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Frequency and nature of incidental extra-enteric lesions found on magnetic resonance enterography (MR-E) in patients with inflammatory bowel diseases (IBD)


Herfarth, H H; Grunert, M; Klebl, F; Strauch, U; Feuerbach, S; Schölmerich, J; Rogler, G; Schreyer, A G (2009). Frequency and nature of incidental extra-enteric lesions found on magnetic resonance enterography (MR-E) in patients with inflammatory bowel diseases (IBD). PLoS ONE, 4(4):e4863.

Abstract

BACKGROUND: The aim of this study was to determine the occurrence of extra-enteric findings in a large cohort of patients undergoing magnetic resonance enterography (MR-E) and to classify the clinical significance of these findings. MATERIALS AND METHODS: We retrospectively analyzed 1154 MR-E performed in 1006 patients referred to our radiological department between 1999-2005. The reasons for referral were suspected or proven inflammatory bowel diseases (IBD) (n = 710), further diagnostic work-up for small bowel disease because of non-specific abdominal symptoms (SBD; n = 182) or suspected small bowel malignancies (SBM; n = 114). All extra-enteric findings were reviewed by a radiologist and a gastroenterologist and were classified as having high, moderate, or low significance for further diagnostic or therapeutic procedures. RESULTS: The average age of all patients was 40+/-16 (Mean+/-SD) years (y) (IBD 35+/-13 y; SBD 49+/-16 y; SBM 57+/-15 y). A total of 1113 extra-enteric findings were detected in 600 of 1006 patients (59.6%). Of these findings 180 (16.2%) were judged as having a high, 212 (19.0%) a moderate and 721 (64.8%) a low significance. On a per group basis in patients with IBD 12.0% of the findings were of major clinical significance compared to 13.7% and 33.3% in patients with SBD and SBM, respectively. The most common major findings were abscesses (69.9%) in the IBD group and extraintestinal tumors, metastases or masses in the SBD and SBM groups (41.9% and 74.2%, respectively). CONCLUSIONS: MR-E reveals a substantial number of extra-enteric findings, supporting the role of a cross-sectional imaging method for the evaluation of the small bowel.

Abstract

BACKGROUND: The aim of this study was to determine the occurrence of extra-enteric findings in a large cohort of patients undergoing magnetic resonance enterography (MR-E) and to classify the clinical significance of these findings. MATERIALS AND METHODS: We retrospectively analyzed 1154 MR-E performed in 1006 patients referred to our radiological department between 1999-2005. The reasons for referral were suspected or proven inflammatory bowel diseases (IBD) (n = 710), further diagnostic work-up for small bowel disease because of non-specific abdominal symptoms (SBD; n = 182) or suspected small bowel malignancies (SBM; n = 114). All extra-enteric findings were reviewed by a radiologist and a gastroenterologist and were classified as having high, moderate, or low significance for further diagnostic or therapeutic procedures. RESULTS: The average age of all patients was 40+/-16 (Mean+/-SD) years (y) (IBD 35+/-13 y; SBD 49+/-16 y; SBM 57+/-15 y). A total of 1113 extra-enteric findings were detected in 600 of 1006 patients (59.6%). Of these findings 180 (16.2%) were judged as having a high, 212 (19.0%) a moderate and 721 (64.8%) a low significance. On a per group basis in patients with IBD 12.0% of the findings were of major clinical significance compared to 13.7% and 33.3% in patients with SBD and SBM, respectively. The most common major findings were abscesses (69.9%) in the IBD group and extraintestinal tumors, metastases or masses in the SBD and SBM groups (41.9% and 74.2%, respectively). CONCLUSIONS: MR-E reveals a substantial number of extra-enteric findings, supporting the role of a cross-sectional imaging method for the evaluation of the small bowel.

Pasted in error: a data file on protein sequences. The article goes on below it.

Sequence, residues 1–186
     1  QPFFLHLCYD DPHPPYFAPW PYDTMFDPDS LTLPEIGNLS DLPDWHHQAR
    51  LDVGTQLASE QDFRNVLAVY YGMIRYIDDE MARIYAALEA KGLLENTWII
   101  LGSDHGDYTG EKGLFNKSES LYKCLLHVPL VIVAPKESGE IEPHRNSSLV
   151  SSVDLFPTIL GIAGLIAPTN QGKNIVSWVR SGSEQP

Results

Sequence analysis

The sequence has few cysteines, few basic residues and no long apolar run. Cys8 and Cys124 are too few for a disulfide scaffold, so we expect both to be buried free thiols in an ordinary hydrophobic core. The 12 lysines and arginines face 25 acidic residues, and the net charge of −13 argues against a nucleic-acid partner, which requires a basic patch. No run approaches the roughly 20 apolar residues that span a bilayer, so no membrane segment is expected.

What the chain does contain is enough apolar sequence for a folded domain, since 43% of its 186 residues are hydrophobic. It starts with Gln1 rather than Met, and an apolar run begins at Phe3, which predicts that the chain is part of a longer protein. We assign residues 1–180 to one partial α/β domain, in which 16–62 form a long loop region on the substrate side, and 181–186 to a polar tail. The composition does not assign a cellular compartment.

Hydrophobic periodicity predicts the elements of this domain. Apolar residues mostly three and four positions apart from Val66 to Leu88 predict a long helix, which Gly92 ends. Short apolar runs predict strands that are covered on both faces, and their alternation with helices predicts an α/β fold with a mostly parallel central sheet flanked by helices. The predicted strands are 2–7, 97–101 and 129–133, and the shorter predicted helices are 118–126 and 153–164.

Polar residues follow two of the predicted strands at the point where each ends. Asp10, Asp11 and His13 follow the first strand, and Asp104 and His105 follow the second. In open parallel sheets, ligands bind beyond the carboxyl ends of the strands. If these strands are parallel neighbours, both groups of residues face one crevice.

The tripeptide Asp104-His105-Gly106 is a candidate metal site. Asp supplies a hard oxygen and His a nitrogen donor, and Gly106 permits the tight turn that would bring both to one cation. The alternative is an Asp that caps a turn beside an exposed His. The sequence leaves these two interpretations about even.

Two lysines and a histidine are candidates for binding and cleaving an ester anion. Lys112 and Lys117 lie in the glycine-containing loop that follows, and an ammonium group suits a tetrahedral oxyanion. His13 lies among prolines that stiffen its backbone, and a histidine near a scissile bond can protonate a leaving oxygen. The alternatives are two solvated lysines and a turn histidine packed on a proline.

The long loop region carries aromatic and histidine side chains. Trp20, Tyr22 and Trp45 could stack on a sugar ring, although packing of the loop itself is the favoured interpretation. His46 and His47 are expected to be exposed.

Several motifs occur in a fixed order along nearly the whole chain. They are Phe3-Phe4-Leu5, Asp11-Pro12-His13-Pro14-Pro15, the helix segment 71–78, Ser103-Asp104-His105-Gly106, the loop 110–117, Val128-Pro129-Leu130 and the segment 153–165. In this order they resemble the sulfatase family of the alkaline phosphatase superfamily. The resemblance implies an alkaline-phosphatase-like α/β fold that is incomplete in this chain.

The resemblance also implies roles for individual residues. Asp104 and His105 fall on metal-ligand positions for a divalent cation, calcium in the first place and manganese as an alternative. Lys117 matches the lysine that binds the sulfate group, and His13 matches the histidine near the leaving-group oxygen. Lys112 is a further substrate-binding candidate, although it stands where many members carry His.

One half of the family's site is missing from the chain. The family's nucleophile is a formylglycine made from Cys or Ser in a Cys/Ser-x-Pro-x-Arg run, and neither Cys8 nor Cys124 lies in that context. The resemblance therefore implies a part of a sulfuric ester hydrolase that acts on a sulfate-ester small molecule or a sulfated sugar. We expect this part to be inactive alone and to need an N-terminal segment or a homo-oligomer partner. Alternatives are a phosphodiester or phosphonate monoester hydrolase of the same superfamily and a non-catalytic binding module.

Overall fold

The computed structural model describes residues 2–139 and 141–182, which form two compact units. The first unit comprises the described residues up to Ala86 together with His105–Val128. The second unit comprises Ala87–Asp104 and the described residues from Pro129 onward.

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Additional indexing

Item Type:Journal Article, refereed, original work
Communities & Collections:04 Faculty of Medicine > University Hospital Zurich > Clinic for Gastroenterology and Hepatology
Dewey Decimal Classification:610 Medicine & health
Language:English
Date:2009
Deposited On:17 Mar 2010 09:09
Last Modified:09 Aug 2016 09:01
Publisher:Public Library of Science (PLoS)
ISSN:1932-6203
Free access at:Publisher DOI. An embargo period may apply.
Publisher DOI:https://doi.org/10.1371/journal.pone.0004863
PubMed ID:19337373

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